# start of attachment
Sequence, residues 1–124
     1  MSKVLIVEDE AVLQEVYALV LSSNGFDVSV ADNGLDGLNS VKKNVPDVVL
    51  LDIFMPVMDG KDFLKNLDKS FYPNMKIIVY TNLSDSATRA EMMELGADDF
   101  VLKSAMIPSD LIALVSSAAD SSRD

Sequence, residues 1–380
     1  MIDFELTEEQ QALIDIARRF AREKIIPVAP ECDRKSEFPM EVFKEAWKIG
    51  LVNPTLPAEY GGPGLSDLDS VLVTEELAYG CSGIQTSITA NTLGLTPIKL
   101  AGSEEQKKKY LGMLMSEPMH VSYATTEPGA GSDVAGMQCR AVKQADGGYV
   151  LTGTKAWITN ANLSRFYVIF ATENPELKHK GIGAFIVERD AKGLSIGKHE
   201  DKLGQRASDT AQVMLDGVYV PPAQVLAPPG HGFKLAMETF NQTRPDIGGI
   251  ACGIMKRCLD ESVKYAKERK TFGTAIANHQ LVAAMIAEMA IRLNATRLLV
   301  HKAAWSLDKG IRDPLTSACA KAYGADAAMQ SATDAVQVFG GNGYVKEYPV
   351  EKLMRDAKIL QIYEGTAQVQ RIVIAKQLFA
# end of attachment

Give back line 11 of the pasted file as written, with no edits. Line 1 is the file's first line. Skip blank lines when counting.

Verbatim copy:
   251  ACGIMKRCLD ESVKYAKERK TFGTAIANHQ LVAAMIAEMA IRLNATRLLV